Truer Than Fiction
Jul 19, 2010, Vol. 15, No. 41 • By HENRIK BERING
Actually, he hadn’t. When Beauchamp’s children invited male friends to stay, they were encouraged to lock their bedroom doors. The next morning, His Lordship would grouse that “he’s very nice that friend of yours, but he’s damned uncivil.” All this was a well-known secret in aristocratic circles, but when Beauchamp’s behavior during a trip to Australia in 1931 caused a scandal, his brother-in-law the Duke of Westminster and (so circumstances suggest) Buckingham Palace took action. The royal princes had been guests at Madresfield, and Prince George, the future Duke of Kent, had a fling with one of Hugh Lygon’s sisters, Lady Mary. Prince George was what is known as a “problem” royal: an inveterate partygoer who could be seen kicking his top hat down London streets at dawn. Among his mistresses Byrne lists a Kenyan expatriate from the British enclave of “Happy Valley” named Kiki Preston, known as “the girl with the silver syringe,” who kept him supplied with cocaine. Of course, he was bisexual—Noël Coward was one of his lovers—but the royal family could scarcely afford a scandal connecting him to Lord Beauchamp and his merry footmen. The earl was forced to resign his posts and go into exile.
Into this headless house Evelyn Waugh, now well on his way to becoming a celebrated novelist, was invited as a guest that same year. With the Beauchamp children, especially Lady Mary and Lady Dorothy, he formed a close bond, with its very own coded language. “The accumulation of common experiences, private jokes, and private language lies at the foundation of English friendship,” wrote Waugh. His role at Madresfield was court jester: “They loved a man who was willing to say the unsayable,” writes Byrne.
According to Byrne, Brideshead Revisited offers a toned-down, compressed version of Waugh’s own story and the Lygon saga. The Oxford sections are generally regarded as among the best ever written about the place, and the dreaming spires, pealing church bells, exquisite meals, and golden paradise of youth, though dripping with decadence, are tastefully done and extremely funny. In Anthony Blanche, a composite of Acton and Howard, Waugh created one of his great comic characters. The affair between Ryder and Sebastian is handled, more or less, with discretion.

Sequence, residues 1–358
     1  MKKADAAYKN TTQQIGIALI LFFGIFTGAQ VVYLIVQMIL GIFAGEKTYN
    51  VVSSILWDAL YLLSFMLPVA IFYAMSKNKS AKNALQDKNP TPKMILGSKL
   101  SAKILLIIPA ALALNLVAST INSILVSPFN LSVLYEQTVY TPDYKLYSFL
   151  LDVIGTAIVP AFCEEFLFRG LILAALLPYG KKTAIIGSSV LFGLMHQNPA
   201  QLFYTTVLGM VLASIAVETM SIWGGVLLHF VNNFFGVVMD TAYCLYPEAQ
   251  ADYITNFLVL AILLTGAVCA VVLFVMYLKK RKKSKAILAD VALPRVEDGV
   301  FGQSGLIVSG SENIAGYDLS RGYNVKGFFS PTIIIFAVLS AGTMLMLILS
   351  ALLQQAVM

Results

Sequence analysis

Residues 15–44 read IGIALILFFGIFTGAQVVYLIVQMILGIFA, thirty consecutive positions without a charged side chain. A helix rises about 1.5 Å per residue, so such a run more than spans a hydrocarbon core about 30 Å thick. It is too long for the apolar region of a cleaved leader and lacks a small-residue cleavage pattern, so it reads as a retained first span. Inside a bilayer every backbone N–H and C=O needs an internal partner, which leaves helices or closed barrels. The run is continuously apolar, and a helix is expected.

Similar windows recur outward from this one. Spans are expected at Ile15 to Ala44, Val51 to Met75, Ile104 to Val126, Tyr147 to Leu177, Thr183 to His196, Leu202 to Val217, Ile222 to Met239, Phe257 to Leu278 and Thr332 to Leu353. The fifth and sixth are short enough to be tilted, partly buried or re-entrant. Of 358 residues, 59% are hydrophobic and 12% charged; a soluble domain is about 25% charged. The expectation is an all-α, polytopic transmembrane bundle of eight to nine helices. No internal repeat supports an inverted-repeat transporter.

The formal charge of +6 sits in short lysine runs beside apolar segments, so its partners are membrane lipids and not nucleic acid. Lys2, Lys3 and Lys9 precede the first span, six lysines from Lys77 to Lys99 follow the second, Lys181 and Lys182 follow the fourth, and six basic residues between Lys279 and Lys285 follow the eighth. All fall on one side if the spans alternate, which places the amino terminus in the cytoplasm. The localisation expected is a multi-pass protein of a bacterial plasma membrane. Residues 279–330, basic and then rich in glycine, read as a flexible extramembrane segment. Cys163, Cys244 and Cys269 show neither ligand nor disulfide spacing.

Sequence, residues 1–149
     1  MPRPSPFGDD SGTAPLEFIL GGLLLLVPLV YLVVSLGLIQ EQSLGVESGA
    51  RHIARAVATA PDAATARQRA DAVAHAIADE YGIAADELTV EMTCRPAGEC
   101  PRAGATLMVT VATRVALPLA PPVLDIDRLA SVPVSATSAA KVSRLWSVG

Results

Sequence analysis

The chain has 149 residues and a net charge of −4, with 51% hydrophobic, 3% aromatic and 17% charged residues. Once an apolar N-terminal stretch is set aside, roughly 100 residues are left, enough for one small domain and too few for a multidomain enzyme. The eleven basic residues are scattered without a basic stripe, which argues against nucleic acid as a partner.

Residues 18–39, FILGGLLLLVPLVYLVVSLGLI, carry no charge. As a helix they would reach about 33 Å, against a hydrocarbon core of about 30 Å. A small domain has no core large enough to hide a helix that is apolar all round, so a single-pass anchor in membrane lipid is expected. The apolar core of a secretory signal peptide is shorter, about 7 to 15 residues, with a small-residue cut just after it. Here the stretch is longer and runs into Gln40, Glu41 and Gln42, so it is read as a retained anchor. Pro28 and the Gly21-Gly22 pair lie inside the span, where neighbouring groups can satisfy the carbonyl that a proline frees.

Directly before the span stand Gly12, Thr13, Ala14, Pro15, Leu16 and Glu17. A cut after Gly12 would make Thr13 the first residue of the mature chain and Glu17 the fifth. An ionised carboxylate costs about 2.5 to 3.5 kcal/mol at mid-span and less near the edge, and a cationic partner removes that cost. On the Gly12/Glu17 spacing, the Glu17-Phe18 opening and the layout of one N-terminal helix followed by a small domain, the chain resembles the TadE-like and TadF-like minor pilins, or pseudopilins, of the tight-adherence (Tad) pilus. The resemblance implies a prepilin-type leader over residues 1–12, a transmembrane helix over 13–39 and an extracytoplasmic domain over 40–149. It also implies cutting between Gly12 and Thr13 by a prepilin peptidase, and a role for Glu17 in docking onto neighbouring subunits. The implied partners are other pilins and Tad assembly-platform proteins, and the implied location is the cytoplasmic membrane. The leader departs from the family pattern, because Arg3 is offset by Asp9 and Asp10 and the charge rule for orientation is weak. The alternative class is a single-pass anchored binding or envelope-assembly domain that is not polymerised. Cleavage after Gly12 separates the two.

Of course, the reality was more sordid. Byrne offers a catalogue of drunken debauchery and sexual depravity, with dons such as Maurice Bowra acting as go-betweens and arrangers for student liaisons. After the Oxford passages in Brideshead, the tone darkens: Retaining its sumptuous descriptions of exotic locales in Venice and Morocco, the novel becomes a religious drama of redemption though suffering and dissolution. In his downward spiral Sebastian Flyte (whose name is no coincidence) achieves a kind of sainthood, his sister Julia gives up marrying Charles Ryder to atone for her sins, and Lord Marchmain has his deathbed conversion. God allows his creatures to stray, Waugh suggests, but reels them back in at the end.
Here, too, the raw material was cleaned up. The homosexuality of the Earl Beauchamp, whom Waugh met in Rome in 1932, was no doubt a little too rich to make it into the novel. Instead, in the Brideshead version, Lord Marchmain becomes an outcast because of a liaison with a mistress. The family saga did not end happily. Hugh Lygon descended into a Sebastian-like spiral—his turns as a bank official, car salesman, and horse trainer all failed—and he died at 31, fracturing his skull in a drunken stupor. When Earl Beauchamp died, his eldest son inherited Madresfield Court, which meant that the sisters had to move out. Tainted by scandal, they never married into the British aristocracy: Lady Mary, who provided much of the inspiration for Julia, married a penniless Russian prince in exile and became an alcoholic, supported discreetly by Waugh. Lady Dorothy—Cordelia in Brideshead—became an archivist at Christie’s, handling her changed circumstances with dignity and good humor. Even Evelyn Waugh, in many respects, became a caricature of himself as country squire and professional reactionary.
And yet, as Byrne points out, he had a sharper eye than that: Sebastian Flyte is a Peter Pan who refuses to grow up, and is deeply self-destructive. The hearty members of the Bullingdon Club are described as bullies and barbarians, savages in dark blue tailcoats. As for his Roman Catholicism, as Waugh liked to point out, in Britain Catholics tend to be found among the poor, not the rich. Writing about Brideshead in the late 1950s, he admitted that it was “infused with a kind of gluttony for food and wine, for the splendors of the recent past, and for rhetorical and ornamental language which now . . . I find distasteful.”
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